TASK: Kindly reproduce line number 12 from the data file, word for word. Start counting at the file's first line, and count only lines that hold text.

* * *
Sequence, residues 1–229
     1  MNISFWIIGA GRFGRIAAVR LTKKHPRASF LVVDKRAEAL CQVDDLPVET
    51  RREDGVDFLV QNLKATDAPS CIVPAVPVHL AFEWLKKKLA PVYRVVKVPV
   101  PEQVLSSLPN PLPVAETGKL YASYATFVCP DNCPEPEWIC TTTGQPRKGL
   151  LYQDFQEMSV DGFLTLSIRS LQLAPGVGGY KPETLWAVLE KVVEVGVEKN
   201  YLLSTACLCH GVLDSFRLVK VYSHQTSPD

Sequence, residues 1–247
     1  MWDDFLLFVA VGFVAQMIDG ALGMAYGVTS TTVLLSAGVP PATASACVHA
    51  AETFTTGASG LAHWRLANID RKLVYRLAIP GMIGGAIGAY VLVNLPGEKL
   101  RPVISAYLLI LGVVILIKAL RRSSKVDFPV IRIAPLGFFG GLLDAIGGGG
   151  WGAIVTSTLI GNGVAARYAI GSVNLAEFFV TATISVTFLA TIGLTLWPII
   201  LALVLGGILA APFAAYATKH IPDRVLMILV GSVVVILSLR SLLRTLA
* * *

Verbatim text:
   201  LALVLGGILA APFAAYATKH IPDRVLMILV GSVVVILSLR SLLRTLA